In New York City, Bach planned the remodelling of Sach’s and the Seneca Textile Building. His work was shown at the Metropolitan Museum of Art in early contemporary industrial art shows. In Stamford, Connecticut, he created his own home in 1938. He oversaw the construction of the Ridgeway Center, one of the country’s earliest shopping malls. In the 1930s, Bach designed tubular steel furniture for the Lloyd Manufacturing Company. Until 1947, they continued to produce his works. These tubular objects are seen to constitute a link between Bauhaus and contemporary design. In 1959, he relocated to Florida. In Delray Beach, he designed the Palm Trail Plaza and the Palm Trail Yacht Club. In 1969, he was the curator of the United States display at the International Industrial Design Exhibition. He created designs for GE, Keystone Silver, Pacific Mills, and Bigelow-Samford. He was the American Designers Institute’s president.
Rasch Brothers German Wallpaper Manufacturer
After WWII, the company maintained its progressive edge with the sale of beautiful wallpapers by designers such as Lucienne Day, Salvador Dal, Shinkichi Tajiri, and Bruno Munari. The firm released their Zeitwande (Timewalls) wallpaper line in 1992, which featured designs by Ron Arad, Ettore Sottsass, Alessandro Mendini, Borek Spek, and Matteo Thun.
Marianne Brandt (1893–1983) German painter designer and metalworker
The modernist German designer Marianne Brandt was one of the few women associated with the Bauhaus to make her reputation outside the traditional arts and crafts sectors related to women such as textiles, weaving and pottery.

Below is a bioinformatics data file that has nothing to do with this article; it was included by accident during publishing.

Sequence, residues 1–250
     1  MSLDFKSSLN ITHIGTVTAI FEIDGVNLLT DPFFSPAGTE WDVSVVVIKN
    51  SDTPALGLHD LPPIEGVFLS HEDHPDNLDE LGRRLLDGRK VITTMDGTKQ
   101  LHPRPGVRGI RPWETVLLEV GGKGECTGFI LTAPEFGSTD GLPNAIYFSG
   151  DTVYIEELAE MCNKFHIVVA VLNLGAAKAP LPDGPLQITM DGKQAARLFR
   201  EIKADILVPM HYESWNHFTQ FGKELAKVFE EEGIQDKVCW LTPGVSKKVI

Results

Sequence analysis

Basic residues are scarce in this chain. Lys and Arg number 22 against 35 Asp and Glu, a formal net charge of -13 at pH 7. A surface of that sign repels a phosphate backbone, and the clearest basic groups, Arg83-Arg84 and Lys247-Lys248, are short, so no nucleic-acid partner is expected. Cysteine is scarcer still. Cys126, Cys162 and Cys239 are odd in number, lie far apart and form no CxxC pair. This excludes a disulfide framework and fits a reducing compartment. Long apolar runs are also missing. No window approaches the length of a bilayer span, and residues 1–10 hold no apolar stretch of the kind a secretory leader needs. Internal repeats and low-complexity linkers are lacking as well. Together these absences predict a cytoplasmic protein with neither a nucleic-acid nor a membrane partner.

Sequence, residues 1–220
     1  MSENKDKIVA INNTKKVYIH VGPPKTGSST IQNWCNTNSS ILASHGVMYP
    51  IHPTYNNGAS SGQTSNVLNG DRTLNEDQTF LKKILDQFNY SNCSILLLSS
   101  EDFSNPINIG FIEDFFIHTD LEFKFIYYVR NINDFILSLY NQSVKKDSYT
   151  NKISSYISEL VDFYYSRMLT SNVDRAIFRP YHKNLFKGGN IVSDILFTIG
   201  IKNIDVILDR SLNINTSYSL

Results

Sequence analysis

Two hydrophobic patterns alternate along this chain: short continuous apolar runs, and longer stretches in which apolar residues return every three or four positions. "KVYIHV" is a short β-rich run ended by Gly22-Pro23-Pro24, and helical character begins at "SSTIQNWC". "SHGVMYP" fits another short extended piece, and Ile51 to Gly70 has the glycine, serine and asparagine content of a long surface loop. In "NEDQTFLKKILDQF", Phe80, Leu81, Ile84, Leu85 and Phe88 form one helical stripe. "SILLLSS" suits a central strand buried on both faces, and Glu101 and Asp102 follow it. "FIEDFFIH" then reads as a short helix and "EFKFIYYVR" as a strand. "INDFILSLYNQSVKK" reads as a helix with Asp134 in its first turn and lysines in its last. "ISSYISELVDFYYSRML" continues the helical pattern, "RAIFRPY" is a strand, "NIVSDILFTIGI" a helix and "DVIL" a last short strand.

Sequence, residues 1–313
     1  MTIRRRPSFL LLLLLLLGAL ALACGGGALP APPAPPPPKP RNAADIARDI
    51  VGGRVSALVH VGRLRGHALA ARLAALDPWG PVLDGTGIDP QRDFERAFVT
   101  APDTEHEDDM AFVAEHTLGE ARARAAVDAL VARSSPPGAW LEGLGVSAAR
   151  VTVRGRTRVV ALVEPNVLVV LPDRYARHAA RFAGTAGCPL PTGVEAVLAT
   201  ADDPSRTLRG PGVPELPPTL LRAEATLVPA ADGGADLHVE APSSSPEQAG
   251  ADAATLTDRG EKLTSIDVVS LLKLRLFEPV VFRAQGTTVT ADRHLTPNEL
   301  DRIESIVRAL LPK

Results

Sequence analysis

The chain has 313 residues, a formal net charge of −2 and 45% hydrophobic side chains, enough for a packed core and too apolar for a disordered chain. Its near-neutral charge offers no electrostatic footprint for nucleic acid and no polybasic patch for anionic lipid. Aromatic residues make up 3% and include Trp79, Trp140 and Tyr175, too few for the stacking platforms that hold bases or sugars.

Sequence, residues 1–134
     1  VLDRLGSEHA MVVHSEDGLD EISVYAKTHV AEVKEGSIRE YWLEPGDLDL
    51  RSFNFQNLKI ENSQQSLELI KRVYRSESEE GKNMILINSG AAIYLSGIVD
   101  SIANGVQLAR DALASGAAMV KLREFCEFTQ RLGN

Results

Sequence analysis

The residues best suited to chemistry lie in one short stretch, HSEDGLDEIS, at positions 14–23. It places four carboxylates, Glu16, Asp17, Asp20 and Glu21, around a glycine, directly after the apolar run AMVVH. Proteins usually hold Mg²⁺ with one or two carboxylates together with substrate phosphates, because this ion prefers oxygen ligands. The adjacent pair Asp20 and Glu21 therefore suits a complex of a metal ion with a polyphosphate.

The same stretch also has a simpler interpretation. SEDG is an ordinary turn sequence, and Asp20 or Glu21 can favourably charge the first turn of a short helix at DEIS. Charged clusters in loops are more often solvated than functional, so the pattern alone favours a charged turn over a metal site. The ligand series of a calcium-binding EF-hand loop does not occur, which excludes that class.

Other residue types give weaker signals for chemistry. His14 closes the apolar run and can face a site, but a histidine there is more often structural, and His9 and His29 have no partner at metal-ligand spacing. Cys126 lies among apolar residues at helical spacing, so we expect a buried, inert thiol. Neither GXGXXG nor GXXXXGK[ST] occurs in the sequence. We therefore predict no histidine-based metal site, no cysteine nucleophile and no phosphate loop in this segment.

Konstantin Grcic Unveils – CUP Chair For Plank | 🇩🇪 German Design
For travellers, the benefits of plastic shell suitcases have come to be appreciated. They are extremely light and flexible, yet powerful and good looking. Suitcases made of thin vacuum-formed plastic sheets have completely transformed the product category. As a designer of the furniture, Konstantin Grcic was surprised by this ingenuity and the suitability of the modern chair covers for production and performance.
Peter Raacke (b.1928) German metalworker and designer
Hessische Metallwerke commissioned Raacke to produce metal cutlery, kitchen equipment, and cookware, most notably his “Mono-a” line (v-33), with silverware available in stainless steel and sterling silver.
Bruno Paul (1874 – 1968) German architect, cabinetmaker, designer, and teacher
Bruno Paul (1874 – 1968) was a German architect, cabinetmaker, designer, and teacher. He was born in Seifhennersdorf. He studied at the Kunstgewerbeschule, Dresden, from 1886 and painting at the Akademie fur Kunst, Munich, under Paul Hocker and Wilhelm von Diez, from 1894.
Tea and coffee set by Marguerite Friedlander
She designed the Hallesche Form tea and coffee set for KPM in 1930, which was a huge commercial success, especially with Trude Petri’s gold rings (1931) decor.
Anchor Blocks – 19th Century construction toy
Anchor Blocks were a German system of building blocks that were popular as a children’s construction toy in the late nineteenth and early twentieth centuries, notably in Europe. Dr F. Ad. Richter in Rudolstadt, Germany, began developing and manufacturing the system in 1879. The concept was based on the FROEBEL block system, which significantly impacted Frank Lloyd WRIGHT’s design philosophy.
Jugendstil an artistic style
Jugendstil, an artistic style that originated around the mid-1890s in Germany and persisted throughout the first decade of the 20th century. READ MOR
Anni Albers (1899 – 1994) German Textile Designer, artist and teacher
Anni Albers was a German Textile Designer, artist and teacher. She was born in Berlin and was the Wife of Josef Albers.
Otl Aicher (1922 – 1991) German industrial and graphic designer
From 1946 to 1947, Otl Aicher (1922 – 1991) attended the Munich Academy of Fine Arts. He later became closely affiliated with Ulm’s highly influential and radical Hochschule Für Gestaltung after founding a studio there the following year.
Oscar Barnack (1879 – 1936) and the first 35mm camera
The Leica 1, the first functional 35 mm camera, was introduced in Germany in 1925, making photography much more accessible to the general public.